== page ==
Seminole Canyon State Park has a lot to offer. It is a park rich with cultural, historical and natural environment significance. The main attraction for me when researching the park was the preservation of Native American pictographs in the canyon. I couldn’t wait to see them!
Our first full day in the park we decided to take a hike along the Rio Grande River Trail. Out and back was about 4.6 miles and we tacked on an additional mile by adding a short section of the Canyon Rim Trail to our trip. The Rio Grande River Trail culminates at a scenic canyon overlook called the Panther Cave Overlook. From the overlook, visitors can view a cave opposite the canyon full of pictographs.
It is believed that the pictographs in this canyon were created some 4,000 years ago. The Archaic peoples used the rock overhangs for shelter and lived off the resources of the desert environment. The pictographs – named the Lower Pecos River Style art – were believed to have been created by the Middle Archaic people who inhabited the area 4,000 years ago. They used natural materials to create the red pigment paint used to create the paintings. Paint brushes were made using fibrous parts of desert plants.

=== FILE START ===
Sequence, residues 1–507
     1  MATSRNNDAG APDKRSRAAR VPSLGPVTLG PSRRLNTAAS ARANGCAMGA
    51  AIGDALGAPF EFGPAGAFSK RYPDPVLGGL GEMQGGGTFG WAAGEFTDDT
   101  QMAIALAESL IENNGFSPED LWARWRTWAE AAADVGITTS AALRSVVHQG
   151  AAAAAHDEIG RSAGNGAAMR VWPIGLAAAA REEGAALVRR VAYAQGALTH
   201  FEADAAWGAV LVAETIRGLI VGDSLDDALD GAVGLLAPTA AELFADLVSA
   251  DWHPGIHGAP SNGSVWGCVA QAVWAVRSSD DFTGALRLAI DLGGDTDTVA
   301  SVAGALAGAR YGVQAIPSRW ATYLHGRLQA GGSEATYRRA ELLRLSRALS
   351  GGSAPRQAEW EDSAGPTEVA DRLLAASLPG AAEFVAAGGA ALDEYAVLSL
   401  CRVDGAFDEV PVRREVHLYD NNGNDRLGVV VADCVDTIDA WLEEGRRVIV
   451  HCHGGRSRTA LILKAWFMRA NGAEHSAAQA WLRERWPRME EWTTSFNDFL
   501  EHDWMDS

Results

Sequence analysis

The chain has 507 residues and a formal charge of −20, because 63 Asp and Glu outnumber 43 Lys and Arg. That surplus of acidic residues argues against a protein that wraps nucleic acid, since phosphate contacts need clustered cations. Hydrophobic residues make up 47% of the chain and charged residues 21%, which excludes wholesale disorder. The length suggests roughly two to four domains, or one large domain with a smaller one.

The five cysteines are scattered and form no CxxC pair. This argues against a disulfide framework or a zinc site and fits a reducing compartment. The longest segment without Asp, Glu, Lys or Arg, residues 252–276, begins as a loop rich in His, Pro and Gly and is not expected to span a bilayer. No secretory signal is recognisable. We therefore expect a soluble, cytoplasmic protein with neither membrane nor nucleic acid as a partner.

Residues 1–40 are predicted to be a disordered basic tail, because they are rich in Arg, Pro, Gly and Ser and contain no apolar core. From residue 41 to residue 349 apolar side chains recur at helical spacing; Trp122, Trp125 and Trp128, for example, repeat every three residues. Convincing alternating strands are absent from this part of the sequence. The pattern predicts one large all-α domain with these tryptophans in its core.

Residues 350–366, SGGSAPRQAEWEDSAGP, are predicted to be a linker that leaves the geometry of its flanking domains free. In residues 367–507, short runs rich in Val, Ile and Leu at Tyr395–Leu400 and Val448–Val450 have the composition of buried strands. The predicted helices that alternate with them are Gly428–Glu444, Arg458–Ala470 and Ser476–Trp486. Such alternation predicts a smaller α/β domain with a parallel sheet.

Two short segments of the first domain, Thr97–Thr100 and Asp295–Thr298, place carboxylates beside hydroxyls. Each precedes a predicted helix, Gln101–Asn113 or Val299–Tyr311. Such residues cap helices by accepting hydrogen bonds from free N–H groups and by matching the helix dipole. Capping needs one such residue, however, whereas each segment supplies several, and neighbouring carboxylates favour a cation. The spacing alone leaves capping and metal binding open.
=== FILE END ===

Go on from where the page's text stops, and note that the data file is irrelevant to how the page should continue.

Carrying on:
Thanks to Forrest and Lula Kirkland, the pictographs were preserved through their dedication to spending their vacations in the 1930’s traveling around Texas and creating watercolors paintings of many of the pictographs. Many of the pictographs have not survived due to physical conditions such as weather and human vandalism but they managed to create an enduring record through their artistry.
We forgot our binoculars on this hike which would have helped to see the pictographs – which are on the opposite canyon wall. However, we vowed to return with them!! The panther cave site is inaccessible most of the time and protected by fencing. Luckily, it remains shaded most of the day and this has helped preserve the paintings and kept them from fading.